Oh, I just picked up on another subtle meaning. You've got blooms inside (in the warmth) and outside (in the cold). It makes the reader wonder which of these men comes first in her heart.

My only objection to this poem -- and it is a political one -- is that the figure of a beautiful, narcissistic woman who has multiple men on a lead is a common cliché which doesn't represent most women -- but that won't bother the heterosexual men who subscribe to this stereotype. Men hold the power in most societies, and also most of the allure.
If I don't critique your poem, it is probably because I don't understand it.

User avatar
camus
Moderator
Moderator
Posts: 5046
Joined: Tue Jul 13, 2004 12:51 am
antispam: no
Location: Grimbia
Contact:

Re: Lycorine in the Living Room

Post by camus » Thu Apr 11, 2019 1:11 am

This poem has made me stop and try and work it out!

Initially i like the language and the intrigue, it reminds me of a good TV drama

I'll be back.
http://www.closetpoet.co.uk

User avatar
JJWilliamson
Moderator
Moderator
Posts: 3297
Joined: Sun Feb 22, 2015 6:20 am

Re: Lycorine in the Living Room

Post by JJWilliamson » Thu Apr 11, 2019 12:16 pm

Hi, mac

Some lovely turns of phrase and delightful sonics throughout this seemingly innocent poem,
that perhaps belie the speaker's deeper feelings.

Macavity wrote:
Tue Apr 09, 2019 3:47 am
An April whim of snow
bows proud stems
until the spring bloom teases
uncut winter grass. ...Ha! I've just given my grass its first cut; yesterday evening, to be precise. Daff's are nowhere near, with the bluebells just showing their heads. We're high up.

She sees them after parting curtains
in the master bedroom:
bold gold Narcissi and a slender Tulip
with pale pink petals. ...Lovely details. Lots of pleasing sonics.

Before making a black coffee
she finds kitchen scissors, not daring
the man-shed for secateurs, ...A hint of unrest/caution. My interest is piqued.
and cuts each broken stem. ...In light of the previous line this could well stand for a delicious metaphor. I was dying to find "stir" or " stirring" in this strophe. "Before stirring a black coffee" perhaps. Stir, secateurs, scissors

The frills of Daffodils flourish for a week
in an Anysley vase. A wedding gift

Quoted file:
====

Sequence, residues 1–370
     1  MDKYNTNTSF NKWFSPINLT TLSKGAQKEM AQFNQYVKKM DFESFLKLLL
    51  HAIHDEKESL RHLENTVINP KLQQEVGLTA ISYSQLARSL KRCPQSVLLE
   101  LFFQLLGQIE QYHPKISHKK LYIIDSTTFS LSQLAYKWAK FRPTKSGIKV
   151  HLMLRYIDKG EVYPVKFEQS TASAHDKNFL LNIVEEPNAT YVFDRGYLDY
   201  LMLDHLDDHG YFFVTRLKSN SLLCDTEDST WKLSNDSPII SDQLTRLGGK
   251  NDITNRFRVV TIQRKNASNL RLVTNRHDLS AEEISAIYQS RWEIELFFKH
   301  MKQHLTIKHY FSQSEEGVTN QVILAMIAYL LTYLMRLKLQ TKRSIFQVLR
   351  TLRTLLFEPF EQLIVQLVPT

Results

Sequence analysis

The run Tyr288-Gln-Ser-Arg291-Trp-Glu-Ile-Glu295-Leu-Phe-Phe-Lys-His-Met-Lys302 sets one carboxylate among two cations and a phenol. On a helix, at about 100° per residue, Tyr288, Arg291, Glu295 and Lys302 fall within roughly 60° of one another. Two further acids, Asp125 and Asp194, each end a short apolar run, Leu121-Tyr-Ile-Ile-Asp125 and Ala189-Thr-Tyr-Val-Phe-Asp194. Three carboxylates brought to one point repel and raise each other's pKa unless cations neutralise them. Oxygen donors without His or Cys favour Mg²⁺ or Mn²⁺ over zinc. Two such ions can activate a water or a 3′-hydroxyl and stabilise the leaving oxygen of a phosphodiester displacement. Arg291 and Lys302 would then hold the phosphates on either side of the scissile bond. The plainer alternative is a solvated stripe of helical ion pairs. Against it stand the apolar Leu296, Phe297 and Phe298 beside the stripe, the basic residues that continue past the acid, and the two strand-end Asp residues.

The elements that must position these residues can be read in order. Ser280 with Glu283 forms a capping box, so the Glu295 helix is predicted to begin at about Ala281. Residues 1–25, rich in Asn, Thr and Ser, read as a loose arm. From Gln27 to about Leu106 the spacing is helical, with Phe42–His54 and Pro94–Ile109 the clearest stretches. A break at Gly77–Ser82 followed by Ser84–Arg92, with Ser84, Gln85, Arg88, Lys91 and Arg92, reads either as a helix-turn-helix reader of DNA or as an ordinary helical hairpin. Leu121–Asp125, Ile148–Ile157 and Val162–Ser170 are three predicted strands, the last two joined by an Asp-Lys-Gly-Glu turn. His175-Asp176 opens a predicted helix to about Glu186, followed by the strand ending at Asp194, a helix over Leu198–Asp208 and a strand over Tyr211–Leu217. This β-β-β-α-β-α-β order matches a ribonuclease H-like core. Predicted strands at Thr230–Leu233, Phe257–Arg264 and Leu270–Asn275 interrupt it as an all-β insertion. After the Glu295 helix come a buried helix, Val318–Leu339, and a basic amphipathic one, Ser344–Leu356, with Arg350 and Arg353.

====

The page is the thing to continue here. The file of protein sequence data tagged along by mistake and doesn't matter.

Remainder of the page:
from her lover. The Tulip withers. The sap
of Narcissi is poisonous to some. ...Ha! a sinister close, or is it? That's what intrigues me so much and actually puts a smile on my face. It could be something innocent, like mild regret or sadness at one and the same time. It's all there.
Enjoyed

Best

JJ
Long time a child and still a child

User avatar
Firebird
Moderator
Moderator
Posts: 2313
Joined: Tue May 21, 2013 9:46 pm

Re: Lycorine in the Living Room

Post by Firebird » Thu Apr 11, 2019 3:50 pm

Hi Mac,

I like it too. It’s full of sinister overtones. Some specific points below.

Cheers,

Tristan

Macavity wrote:
Tue Apr 09, 2019 3:47 am
An April whim of snow (excellent opening line)
bows proud stems
until the spring bloom teases
uncut winter grass. (I really like the ‘uncut winter grass’ but agree with Perry that this stanza/line don’t quite seem full enough)

She sees them after parting curtains (The ‘parting curtains’ reminds me of the stepford wives. Nice touch.)
in the master bedroom:
bold gold Narcissi and a slender Tulip (‘not sure about the sonics of ‘bold gold’)
with pale pink petals. (I think the alliteration works here, even though at first I thought it was a bit too intrusive, but changed my mind.)

Before making a black coffee
she finds kitchen scissors, not daring
the man-shed for secateurs,
and cuts each broken stem.

The frills of Daffodils flourish for a week
in an Anysley vase. A wedding gift (the vase reminds me a bit of hyacinth bouquet I’m afraid. Probably just me though)
from her lover. The Tulip withers. The sap
of Narcissi is poisonous to some. (Yes, a very sinister end)

Macavity
Moderator
Moderator
Posts: 5901
Joined: Tue May 10, 2005 10:29 am

Re: Lycorine in the Living Room

Post by Macavity » Sat Apr 13, 2019 3:30 am